The third wave of the opioid overdose crisis—defined by the proliferation of illicit fentanyl and its analogs—has not only led to record numbers of overdose deaths but also to unprecedented racial inequities in overdose deaths impacting Black Americans. Despite this racialized shift in opioid availability, little research has examined how the spatial epidemiology of opioid overdose death has also shifted. The current study examines the differential geography of OOD by race and time (i.e., pre-fentanyl versus fentanyl era) in St. Louis, Missouri. Data included decedent records from the local medical examiners suspected to involve opioid overdose (N = 4420). Analyses included calculating spatial descriptive analyses and conducting hotspot analyses (i.e., Gettis-Ord Gi*) stratified by race (Black versus White) and time (2011–2015 versus 2016–2021). Results indicated that fentanyl era overdose deaths were more densely clustered than pre-fentanyl era deaths, particularly those among Black decedents. Although hotspots of overdose death were racially distinct pre-fentanyl, they substantially overlapped in the fentanyl era, with both Black and White deaths clustering in predominantly Black neighborhoods. Racial differences were observed in substances involved in cause of death and other overdose characteristics. The third wave of the opioid crisis appears to involve a geographic shift from areas where White individuals live to those where Black individuals live. Findings demonstrate racial differences in the epidemiology of overdose deaths that point to built environment determinants for future examination. Policy interventions targeting high-deprivation communities are needed to reduce the burden of opioid overdose on Black communities.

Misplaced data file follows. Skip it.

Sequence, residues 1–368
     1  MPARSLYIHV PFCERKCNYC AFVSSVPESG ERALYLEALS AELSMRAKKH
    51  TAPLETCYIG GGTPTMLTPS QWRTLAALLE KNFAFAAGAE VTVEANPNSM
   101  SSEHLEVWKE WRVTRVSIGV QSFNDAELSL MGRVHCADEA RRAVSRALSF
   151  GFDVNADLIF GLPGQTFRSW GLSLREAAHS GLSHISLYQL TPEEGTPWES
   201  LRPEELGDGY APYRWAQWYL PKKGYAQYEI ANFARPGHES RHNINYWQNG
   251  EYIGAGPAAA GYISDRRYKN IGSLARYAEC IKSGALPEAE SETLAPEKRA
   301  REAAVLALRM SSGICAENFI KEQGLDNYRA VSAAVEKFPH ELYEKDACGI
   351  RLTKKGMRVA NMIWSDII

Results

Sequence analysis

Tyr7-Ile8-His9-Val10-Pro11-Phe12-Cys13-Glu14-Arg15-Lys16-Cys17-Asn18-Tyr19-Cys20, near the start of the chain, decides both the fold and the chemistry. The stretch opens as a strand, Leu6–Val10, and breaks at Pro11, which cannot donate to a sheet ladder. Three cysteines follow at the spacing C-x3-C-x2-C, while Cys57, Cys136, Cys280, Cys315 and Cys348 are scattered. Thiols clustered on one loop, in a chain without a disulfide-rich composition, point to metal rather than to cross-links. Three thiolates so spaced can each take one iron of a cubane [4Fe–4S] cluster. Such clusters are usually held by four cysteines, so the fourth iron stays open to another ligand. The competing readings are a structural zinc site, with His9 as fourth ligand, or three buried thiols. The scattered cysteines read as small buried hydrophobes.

- Geographic information systems
- Racial disparities